It is worth stressing that in most experiences of memory tourism, primacy is generally given to built heritage, such as fortifications, houses, factories and furniture which, because of the dominant criteria on to the value of heritage, leads many to honor the achievements of the slave-owners rather than the memory of the victims. This became a serious concern in some islands of the Caribbean and the Indian Ocean that are major tourist destinations. The commercial obligation to satisfy tourists – who mostly come from Western countries – sometimes leads tourism professionals to overvalue colonial legacy.

It often happens that when showing the rich houses of slave-owners, some touristic guides forget to mention that these mansions, forts and facilities were built by enslaved people, with their knowledge and skills. Thus, these experiences of tourism of memory run the risk of not achieving the main goal of itineraries of memory, which is to pay, above all, tribute to the victims of this crime against humanity, to their resistance against oppression and to their social, cultural and economic creativity to survive the dehumanization to which they were destined.

The Slave Route Project therefore invites tourism professionals to reconsider the prevailing criteria used to appreciate the aesthetic, historical and touristic value of the heritage generated by this history. Indeed, it is important to reflect and consider criteria that take into account the specificity of this memory and the particular views and perceptions of the concerned communities on the symbolic, aesthetic, memorial and social value they assign to the sites of memory.

Countries, on both sides of the Atlantic Ocean, of the Mediterranean and in the Indian Ocean are increasingly interested in the inventory and preservation of the heritage linked to this history. In most cases this heritage is in danger because people are unaware of its existence and historical value. This heritage is victim of the negligence due to lack of funds, but also of the greed of some economic operators who are only interested in the real estate value of these sites.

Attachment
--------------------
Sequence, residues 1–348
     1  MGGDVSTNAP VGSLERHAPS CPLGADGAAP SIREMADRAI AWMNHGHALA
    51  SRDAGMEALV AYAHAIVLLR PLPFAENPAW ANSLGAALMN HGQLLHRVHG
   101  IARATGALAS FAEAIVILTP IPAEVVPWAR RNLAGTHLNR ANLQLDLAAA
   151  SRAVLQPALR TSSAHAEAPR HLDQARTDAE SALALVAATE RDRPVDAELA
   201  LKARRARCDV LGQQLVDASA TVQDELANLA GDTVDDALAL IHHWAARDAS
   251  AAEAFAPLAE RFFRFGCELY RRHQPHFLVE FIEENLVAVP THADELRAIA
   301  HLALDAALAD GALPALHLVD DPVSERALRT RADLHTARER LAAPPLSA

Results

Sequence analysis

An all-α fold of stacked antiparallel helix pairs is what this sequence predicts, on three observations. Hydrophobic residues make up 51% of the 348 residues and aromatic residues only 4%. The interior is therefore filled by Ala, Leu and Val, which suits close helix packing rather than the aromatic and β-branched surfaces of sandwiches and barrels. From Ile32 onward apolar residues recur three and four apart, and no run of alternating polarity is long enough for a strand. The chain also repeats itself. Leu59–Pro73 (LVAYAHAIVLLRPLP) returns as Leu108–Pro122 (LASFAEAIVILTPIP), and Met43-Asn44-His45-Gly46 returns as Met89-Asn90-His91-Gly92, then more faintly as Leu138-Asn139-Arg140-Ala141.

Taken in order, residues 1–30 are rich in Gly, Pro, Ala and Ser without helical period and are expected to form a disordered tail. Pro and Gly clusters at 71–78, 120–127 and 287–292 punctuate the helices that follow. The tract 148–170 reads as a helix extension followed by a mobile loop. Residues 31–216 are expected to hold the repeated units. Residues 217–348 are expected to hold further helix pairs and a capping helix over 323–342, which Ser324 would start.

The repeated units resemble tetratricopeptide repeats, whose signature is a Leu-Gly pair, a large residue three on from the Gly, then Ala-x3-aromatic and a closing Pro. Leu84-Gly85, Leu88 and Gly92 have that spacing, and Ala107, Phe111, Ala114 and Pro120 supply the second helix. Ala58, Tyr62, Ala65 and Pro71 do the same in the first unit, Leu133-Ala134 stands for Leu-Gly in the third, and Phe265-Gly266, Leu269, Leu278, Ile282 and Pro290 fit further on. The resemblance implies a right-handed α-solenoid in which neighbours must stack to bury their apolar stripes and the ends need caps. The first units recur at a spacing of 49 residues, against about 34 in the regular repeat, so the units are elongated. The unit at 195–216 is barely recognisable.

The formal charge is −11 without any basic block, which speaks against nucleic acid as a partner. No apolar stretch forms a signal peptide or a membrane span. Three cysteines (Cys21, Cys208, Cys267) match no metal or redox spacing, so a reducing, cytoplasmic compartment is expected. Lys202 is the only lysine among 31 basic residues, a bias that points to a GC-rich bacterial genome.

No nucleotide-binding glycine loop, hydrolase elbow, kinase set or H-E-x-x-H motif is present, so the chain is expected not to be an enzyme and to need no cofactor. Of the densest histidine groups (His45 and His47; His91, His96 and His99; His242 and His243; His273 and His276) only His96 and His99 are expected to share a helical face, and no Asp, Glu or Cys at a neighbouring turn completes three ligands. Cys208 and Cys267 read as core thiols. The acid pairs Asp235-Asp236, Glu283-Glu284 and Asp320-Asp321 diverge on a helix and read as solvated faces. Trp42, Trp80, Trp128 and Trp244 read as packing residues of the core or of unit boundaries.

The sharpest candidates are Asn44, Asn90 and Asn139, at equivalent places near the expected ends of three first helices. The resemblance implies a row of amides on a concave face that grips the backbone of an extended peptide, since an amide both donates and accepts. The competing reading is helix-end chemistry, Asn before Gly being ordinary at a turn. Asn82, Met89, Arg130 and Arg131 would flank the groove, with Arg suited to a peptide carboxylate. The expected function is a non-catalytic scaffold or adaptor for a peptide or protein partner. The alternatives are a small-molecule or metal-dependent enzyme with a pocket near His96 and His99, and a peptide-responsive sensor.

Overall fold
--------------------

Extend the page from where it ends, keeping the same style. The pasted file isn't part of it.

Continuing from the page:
Faced with this situation, countries have adopted different strategies to preserve their heritage. Some decided to include their most emblematic sites of memory in UNESCO’s World Heritage List, which grants them a special status and establishes obligations to preserve and promote them. Others have chosen to include these sites in their national cultural heritage, which also guarantees some protection. In some cases, autonomous community’s initiatives and/or local authorities engaged in bold action to protect some sites and places and establish itineraries of memory without waiting governmental assistance. Finally, other countries use all these different solutions simultaneously.

The Slave Route Project’s action on sites and itineraries of memory aims at highlighting the cartography of the slave trade and of slavery and linking the countries and regions of the world that share this history. Its ambition is to gradually create a global mapping of these sites and places and facilitate the development of an inter-regional tourism of memory, not only as an income-generating activities but also an expression of a new solidarity and dialogue between Africa and the countries which benefitted from the contributions of people of African descent. The project has just launched a new logo “Site of Memory Associated with the Slave Route”, which will be granted to all partners who follow the approach and methodology developed by the project. The logo will be put on the plate to be placed on the concerned sites.